Just before 3 p.m., a few hours after the inaugural-train hoopla had ended — after the VIPs had departed, and the noontime first riders had taken their ride, and a lazy Saturday quiet had descended on the five new Silver Line stations — here came Michael Cohen and his wife, Rosanna, into the Spring Hill station, a structure so modern and airy and filled with light, it brings to mind an airport terminal.
“Gorgeous,” said Rosanna Cohen, 59, an interior designer.
“Really is gorgeous,” said her husband, also 59, a lobbyist in the Washington office of insurance giant AIG.
“Look,” Rosanna Cohen said, rubbing her right arm. “I have goosebumps.”
The two are native New Yorkers who’ve lived since 1986 in a house about a mile and a half from the Spring Hill station. They said not a day has passed since they left Manhattan that they haven’t longed for a subway stop nearby.
Michael Cohen grew up on the Lower East Side, Avenue A. “Subway to Central Park, subway to Brooklyn, subway to all five boroughs,” he said wistfully. “Every train: The 1, the 2, the double-R, the 7th Avenue subway, the express — you name it, I rode it. I mean, that’s all we did.”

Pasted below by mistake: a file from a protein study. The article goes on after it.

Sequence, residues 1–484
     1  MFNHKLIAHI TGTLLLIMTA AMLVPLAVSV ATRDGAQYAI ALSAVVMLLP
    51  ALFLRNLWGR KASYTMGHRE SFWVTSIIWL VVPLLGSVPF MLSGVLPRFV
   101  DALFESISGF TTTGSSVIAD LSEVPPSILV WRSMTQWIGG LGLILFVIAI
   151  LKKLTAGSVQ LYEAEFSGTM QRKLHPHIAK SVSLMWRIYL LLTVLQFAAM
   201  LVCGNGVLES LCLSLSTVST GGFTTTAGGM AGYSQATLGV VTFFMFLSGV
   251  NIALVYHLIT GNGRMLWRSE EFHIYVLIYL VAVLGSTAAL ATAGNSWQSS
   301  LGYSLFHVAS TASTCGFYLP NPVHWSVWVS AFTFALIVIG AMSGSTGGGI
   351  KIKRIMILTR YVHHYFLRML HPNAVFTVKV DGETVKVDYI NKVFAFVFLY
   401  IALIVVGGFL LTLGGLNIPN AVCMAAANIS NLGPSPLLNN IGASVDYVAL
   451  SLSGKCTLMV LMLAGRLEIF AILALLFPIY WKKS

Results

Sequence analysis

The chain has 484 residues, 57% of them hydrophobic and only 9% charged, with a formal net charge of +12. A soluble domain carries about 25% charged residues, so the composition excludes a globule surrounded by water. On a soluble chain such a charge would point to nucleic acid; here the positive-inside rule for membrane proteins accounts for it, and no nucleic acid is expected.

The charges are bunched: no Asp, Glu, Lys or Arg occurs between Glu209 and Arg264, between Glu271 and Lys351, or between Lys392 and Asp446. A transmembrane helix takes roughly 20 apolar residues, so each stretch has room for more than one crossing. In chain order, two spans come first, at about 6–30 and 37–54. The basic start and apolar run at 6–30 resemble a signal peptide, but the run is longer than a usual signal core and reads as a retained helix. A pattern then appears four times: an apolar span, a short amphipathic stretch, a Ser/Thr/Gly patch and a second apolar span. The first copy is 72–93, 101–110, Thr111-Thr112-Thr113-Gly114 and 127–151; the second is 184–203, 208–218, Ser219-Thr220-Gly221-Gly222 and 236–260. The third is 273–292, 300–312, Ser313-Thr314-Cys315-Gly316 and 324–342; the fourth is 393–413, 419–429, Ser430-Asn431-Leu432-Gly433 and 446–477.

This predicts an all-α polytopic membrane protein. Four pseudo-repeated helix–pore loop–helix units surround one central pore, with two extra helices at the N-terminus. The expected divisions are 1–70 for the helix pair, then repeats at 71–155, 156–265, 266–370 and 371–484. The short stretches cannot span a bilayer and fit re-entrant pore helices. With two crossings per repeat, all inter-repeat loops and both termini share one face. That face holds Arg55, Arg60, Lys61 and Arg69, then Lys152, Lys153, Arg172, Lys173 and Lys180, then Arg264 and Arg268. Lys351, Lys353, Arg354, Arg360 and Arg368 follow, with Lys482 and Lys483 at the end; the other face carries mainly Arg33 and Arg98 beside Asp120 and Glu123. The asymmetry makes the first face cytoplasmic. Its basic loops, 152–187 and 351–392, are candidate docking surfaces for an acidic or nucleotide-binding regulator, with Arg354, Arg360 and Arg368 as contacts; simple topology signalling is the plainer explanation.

For more than a quarter-century, he’s fighting Northern Virginia traffic into Washington from his home near the Vienna-Great Falls border. “Like New York traffic,” he said.
But no more. His and his wife’s subway has finally arrived.
They were awaiting a Silver Line train into the city, just to see how fast they could get there and back, looking ahead to many more such jaunts in the future — for dinners, for shopping, for the theater — without getting into a car.
“Whenever I’m New York, even now, I don’t go anywhere except on the subway,” Michael Cohen said. “Believe me, in a suit, tie, doesn’t matter. I’m on the subway.”
Standing on the Spring Hill platform, he watched a DC-bound train roll into the station. “I’ve been waiting for it for years,” he said.
– Paul Duggan